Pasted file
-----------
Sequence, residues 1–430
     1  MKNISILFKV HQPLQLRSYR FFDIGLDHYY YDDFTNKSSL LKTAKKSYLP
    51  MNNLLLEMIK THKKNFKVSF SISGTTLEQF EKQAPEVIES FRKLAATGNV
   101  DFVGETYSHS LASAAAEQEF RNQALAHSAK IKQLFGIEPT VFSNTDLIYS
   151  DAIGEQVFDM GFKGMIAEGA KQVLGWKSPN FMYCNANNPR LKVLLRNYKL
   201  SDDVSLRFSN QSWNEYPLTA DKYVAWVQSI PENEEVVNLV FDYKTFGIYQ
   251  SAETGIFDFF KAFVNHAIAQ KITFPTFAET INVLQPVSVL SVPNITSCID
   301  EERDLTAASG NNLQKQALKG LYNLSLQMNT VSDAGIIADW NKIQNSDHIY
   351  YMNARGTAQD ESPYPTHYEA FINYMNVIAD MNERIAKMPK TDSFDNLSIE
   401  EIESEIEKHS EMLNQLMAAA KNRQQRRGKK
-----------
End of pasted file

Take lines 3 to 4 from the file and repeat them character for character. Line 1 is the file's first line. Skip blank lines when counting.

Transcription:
    51  MNNLLLEMIK THKKNFKVSF SISGTTLEQF EKQAPEVIES FRKLAATGNV
   101  DFVGETYSHS LASAAAEQEF RNQALAHSAK IKQLFGIEPT VFSNTDLIYS